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You get the sense that electronic musician Cyril Hahn has blown up faster than even he could anticipate. After a series of killer remixes, he’s dropped his EP Voices to an already ravenous worldwide fan base and is consequently selling out some shows faster than he can announce them (I’m looking at you, Copenhagen). It’s warm fuzzy background sounds layered with modern dance percussion has aided him in already establishing a distinct flavour to his sound. He’s hitting Australian shores real soon so we got him to tutor us in Cyril Hahn 101. Check it below.

What, to you, has been the most unexpected thing about your sudden success?

The fact that I can pursue music for a living is still beyond me. I never anticipated for it to be anything other than a hobby.

Is there an aspect to production or your potential sound that you aspire to incorporate in future work?

My recent work is a lot more analog and raw sounding I think. A lot of electronic music sounds very sterile to me so I’ve been trying to create a warm lo-fi sound that I’m very happy with. I’ve also experimented with using my own voice but not sure yet if that’ll go somewhere.

You’ve cited post-rock as a heavy influence that aided your transition to electronic music. Would you ever move into more conceptual territory with your current sound?

Yeah I’d love to work on a soundtrack. I feel like soundtracks really allow you to explore music beyond the common structures of pop/electronic music. It’s a lot more about texture and dynamics which is fascinating to me.

You’re obviously versed in the prominence of B-Side acapellas on records from one to two decades ago, contributing to your number of RnB remixes. Does that come from collecting those records yourself or honed internet search skills?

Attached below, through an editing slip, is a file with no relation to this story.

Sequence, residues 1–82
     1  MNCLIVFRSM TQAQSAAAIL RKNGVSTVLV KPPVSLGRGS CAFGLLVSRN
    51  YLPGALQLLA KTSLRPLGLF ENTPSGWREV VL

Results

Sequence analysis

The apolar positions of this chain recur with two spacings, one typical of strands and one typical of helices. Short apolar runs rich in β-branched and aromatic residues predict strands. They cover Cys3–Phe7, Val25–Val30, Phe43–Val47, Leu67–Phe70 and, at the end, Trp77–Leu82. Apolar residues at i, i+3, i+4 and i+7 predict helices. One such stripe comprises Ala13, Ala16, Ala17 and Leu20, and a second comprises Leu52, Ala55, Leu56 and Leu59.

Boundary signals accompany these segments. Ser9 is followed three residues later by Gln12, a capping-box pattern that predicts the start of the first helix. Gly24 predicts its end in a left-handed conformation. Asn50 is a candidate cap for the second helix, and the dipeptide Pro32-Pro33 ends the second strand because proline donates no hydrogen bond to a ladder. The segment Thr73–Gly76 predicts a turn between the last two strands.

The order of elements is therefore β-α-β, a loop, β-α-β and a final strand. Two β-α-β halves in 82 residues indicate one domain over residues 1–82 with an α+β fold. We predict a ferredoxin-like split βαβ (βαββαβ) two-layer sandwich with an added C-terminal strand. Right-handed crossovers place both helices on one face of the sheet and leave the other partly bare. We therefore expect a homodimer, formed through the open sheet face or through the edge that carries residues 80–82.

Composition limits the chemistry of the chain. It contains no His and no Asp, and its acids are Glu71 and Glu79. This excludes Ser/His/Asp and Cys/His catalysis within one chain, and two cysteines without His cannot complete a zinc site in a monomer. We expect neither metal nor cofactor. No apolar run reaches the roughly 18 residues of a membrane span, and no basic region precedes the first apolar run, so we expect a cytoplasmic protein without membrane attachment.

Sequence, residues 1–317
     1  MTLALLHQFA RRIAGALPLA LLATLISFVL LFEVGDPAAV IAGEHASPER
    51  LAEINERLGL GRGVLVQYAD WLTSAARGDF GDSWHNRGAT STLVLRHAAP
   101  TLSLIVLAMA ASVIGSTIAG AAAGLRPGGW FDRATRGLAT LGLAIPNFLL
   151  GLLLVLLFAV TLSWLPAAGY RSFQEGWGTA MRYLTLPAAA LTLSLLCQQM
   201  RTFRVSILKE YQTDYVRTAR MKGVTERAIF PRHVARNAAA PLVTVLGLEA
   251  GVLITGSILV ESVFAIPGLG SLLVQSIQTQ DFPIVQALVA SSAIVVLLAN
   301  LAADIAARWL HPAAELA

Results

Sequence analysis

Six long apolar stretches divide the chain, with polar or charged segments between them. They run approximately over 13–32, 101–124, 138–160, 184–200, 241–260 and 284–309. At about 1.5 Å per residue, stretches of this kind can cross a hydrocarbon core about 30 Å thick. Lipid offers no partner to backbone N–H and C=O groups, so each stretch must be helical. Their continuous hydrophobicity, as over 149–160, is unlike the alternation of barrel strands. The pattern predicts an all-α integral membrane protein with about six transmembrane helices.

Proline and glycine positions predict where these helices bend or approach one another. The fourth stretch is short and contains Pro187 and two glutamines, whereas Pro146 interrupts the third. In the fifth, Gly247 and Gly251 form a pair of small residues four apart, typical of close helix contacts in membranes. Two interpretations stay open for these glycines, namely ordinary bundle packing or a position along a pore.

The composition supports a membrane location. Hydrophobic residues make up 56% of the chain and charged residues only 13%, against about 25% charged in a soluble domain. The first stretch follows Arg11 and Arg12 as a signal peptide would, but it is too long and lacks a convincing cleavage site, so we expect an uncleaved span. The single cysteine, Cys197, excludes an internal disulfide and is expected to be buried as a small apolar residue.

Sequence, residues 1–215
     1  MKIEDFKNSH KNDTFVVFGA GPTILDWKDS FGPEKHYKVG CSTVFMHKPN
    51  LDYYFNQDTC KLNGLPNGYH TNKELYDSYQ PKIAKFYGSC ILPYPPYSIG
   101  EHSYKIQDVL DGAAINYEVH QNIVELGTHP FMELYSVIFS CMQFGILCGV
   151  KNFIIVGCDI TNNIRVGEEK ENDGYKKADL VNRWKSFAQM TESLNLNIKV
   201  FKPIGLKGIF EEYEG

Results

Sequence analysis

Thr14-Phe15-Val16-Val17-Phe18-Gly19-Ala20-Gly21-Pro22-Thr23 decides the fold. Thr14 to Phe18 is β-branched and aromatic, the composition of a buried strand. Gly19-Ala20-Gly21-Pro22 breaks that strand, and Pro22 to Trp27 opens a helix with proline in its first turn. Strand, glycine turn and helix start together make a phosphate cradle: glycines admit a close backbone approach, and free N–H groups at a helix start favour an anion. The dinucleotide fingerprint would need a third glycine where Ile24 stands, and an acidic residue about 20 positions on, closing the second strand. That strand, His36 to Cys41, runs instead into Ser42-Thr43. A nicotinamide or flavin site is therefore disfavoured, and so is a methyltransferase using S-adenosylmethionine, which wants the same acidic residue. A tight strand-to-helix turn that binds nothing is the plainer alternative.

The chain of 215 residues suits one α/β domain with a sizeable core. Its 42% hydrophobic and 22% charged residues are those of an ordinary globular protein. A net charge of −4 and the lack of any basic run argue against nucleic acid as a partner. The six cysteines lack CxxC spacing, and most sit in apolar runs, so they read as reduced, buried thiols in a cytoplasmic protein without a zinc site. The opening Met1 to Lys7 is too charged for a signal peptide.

[Laughs]. No, I owe that all to the internet.

What is it about working with acapellas that you enjoy so much?

It’s hard for me to pinpoint why I am so drawn to acapellas/vocals. Maybe it’s the fact that I don’t find my own voice very interesting and that’s why I seek out vocals that move me. I also just love chopping them up and turning them into something entirely different.

As someone who has come across success through doing something you simply enjoy, is it labouring to be subjected to unnecessary analysis and questioning about your art history major and background?

Not really. I think it’s natural that people are curious when somebody appears out of nowhere.

Your track ‘Raw Cut’ reminds me of a Four Tet track that’s been packaged in a much more club-friendly arrangement and you’ve certainly mentioned Kieran Hebden in interviews before. Do you intentionally transform genre vibes into a more dance friendly experience?

I think a lot of Four Tet’s music is deeply rooted in club culture as well; or it makes me wanna dance, that’s for sure. I don’t think there was ever an intention on my part to make my songs more dance friendly but it probably just happened naturally once I started playing more concerts and witnessed how people react to music on the dance-floor.

On many of your releases so far, there’s audible record hiss on some tracks. (‘Raw Cut’ from Perfect Form and ‘Breaking’ from Voices for instance.) is that an intentional aspect of your production? If so, what motivates you to create that presence?

I’ve always been drawn to music that has a warm lo-fi aesthetic. I’m a sucker for white noise, tape hiss etc and it’s definitely something I’ve always worked on. The ways in which you include noise in your music are endless which I love.

Is there anything you’ve learnt so far that you’d like to tell others aspiring to create something people would enjoy listening to?

I think the most important advice I could give is to have with what you do and not to worry about what people think about your music.

Find out more about Cyril’s Australian tour at Loud Entertainment.